Felicity Brown is a British artist and fashion designer. She studied art and textile printing at the Glasgow School of Art and the Royal College of Art, London.

Together with her brother Henry Brown she founded her own designer label and became part of NEWGEN, and this enabled her to show collections in London, Paris and New York. She has shown work at the Victoria & Albert Museum, London, the Handbag Museum in Seoul, and The Fashion Project at Bal Harbour Shops, Miami, alongside pieces by Jean Cocteau, Elsa Schiaparelli, Léon Bakst and Hussein Chalaayan. She has been collaborating with Carolin Kropff since 2015.

Martin Holzschuh was a master student of Michael Krebber at the Städelschule. He writes:

I also drew, and not infrequently, a drawing was a trigger to paint a new image, transformed by the materiality of colour. Increasingly, my paintings darkened into dark, almost abstract surfaces. When this reached an endpoint, I began to approach a figurative position again through sketching. The painterly dialogue with Felicity, Monika and Carolin is a good occasion to continue these new approaches.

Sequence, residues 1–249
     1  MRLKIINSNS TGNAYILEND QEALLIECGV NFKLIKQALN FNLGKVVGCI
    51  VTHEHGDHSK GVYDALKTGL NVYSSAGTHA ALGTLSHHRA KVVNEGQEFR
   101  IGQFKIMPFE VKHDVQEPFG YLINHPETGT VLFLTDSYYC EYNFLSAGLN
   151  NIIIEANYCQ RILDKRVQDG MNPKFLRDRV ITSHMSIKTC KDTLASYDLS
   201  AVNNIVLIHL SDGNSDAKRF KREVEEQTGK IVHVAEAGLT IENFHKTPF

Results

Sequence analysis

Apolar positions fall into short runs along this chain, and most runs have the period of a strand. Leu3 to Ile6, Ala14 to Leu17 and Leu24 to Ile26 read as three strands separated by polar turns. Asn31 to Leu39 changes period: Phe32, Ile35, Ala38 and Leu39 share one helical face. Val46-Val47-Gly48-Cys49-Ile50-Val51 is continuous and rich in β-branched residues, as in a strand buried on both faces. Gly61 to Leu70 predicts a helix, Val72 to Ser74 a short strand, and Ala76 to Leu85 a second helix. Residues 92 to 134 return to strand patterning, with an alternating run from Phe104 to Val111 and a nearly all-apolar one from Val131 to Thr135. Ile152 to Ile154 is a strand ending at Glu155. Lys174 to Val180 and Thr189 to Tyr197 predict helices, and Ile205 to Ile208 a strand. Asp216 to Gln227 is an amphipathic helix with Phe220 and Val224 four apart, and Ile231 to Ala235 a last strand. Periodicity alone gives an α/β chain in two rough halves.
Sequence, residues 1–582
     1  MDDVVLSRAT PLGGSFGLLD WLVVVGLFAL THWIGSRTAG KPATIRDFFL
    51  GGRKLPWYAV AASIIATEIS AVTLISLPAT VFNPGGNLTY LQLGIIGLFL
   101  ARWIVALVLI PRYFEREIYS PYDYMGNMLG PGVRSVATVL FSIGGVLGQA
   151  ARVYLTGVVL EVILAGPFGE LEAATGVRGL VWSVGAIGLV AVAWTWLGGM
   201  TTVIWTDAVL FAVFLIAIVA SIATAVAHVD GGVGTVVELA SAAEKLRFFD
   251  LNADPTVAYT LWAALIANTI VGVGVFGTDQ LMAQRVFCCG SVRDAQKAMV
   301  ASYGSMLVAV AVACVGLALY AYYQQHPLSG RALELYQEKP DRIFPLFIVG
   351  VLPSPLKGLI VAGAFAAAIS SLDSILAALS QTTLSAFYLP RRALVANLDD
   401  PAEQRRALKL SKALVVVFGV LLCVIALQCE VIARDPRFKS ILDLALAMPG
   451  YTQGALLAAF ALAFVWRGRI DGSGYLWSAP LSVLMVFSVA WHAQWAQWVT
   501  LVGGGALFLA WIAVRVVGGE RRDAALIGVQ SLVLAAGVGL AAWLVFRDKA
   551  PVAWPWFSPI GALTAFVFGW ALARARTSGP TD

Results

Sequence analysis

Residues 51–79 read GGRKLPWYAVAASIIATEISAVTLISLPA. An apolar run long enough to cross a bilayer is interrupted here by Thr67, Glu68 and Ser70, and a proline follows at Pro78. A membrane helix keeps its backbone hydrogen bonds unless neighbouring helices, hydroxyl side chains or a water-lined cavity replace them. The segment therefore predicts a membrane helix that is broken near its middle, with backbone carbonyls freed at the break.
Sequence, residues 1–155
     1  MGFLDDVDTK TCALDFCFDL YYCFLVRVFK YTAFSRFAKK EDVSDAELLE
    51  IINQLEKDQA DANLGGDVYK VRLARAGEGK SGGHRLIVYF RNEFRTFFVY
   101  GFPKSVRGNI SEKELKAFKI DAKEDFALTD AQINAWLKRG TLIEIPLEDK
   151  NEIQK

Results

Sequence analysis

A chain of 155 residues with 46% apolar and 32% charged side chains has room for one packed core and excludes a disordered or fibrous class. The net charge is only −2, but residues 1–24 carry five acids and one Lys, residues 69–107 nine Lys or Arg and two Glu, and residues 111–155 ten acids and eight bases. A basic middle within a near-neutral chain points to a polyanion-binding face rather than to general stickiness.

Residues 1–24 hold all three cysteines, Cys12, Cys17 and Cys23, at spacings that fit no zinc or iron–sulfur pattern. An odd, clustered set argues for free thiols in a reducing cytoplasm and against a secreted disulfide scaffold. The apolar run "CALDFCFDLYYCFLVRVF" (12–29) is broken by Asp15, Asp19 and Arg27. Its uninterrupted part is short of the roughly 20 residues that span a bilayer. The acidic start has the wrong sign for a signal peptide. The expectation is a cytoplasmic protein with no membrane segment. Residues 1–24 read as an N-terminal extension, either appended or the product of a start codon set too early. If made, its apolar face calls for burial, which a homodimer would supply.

Monika Romstein lives and work in Frankfurt. Romstein is known for her work with watercolours, oilpaintings and installations, ranging from large scale to small format. Being highly motivated by a dark, haunting and fable-like range of references, her work includes imagery from domestic realities as well as landscape elements. Whether surreal or narrative, her intense and detailed paintings are often perceived as controversial.The figures and spaces in the intimate formats of the watercolors are about the refusal to accept the dictates of evidence that constitute our reality space. Thus, sceneries appear in the watercolors that at first seem strange and enraptured, yet continually refer to aspects of our present and past.

Britta Kadolsky is an art historian (MA) based in Frankfurt. She studied art history and art education at Goethe University in Frankfurt after working for a long time in a major bank. She also paints and draws herself and approaches art both theoretically and practically. During her studies, she discovered her love for writing about art and has been running her own art blog 'Was kann Kunst' since 2020. There she prefers to write about modern and contemporary art and posts articles regularly.

Carolin Kropff studied at the Düsseldorf Kunstakademie and Städelschule Frankfurt where she graduated. From 1989-1991 she worked as an assistant costume designer and men's tailor at the Theater Dortmund. From 1999 - 2002 she maintained studios in Madrid, Spain and 2006 - 2011 in Dubai, UAE. In 2020 she founded STUDIOSPACE Lange Strasse 31 in Frankfurt am Main. The project work is supported by the Kulturamt Frankfurt and the Frauenreferat Frankfurt.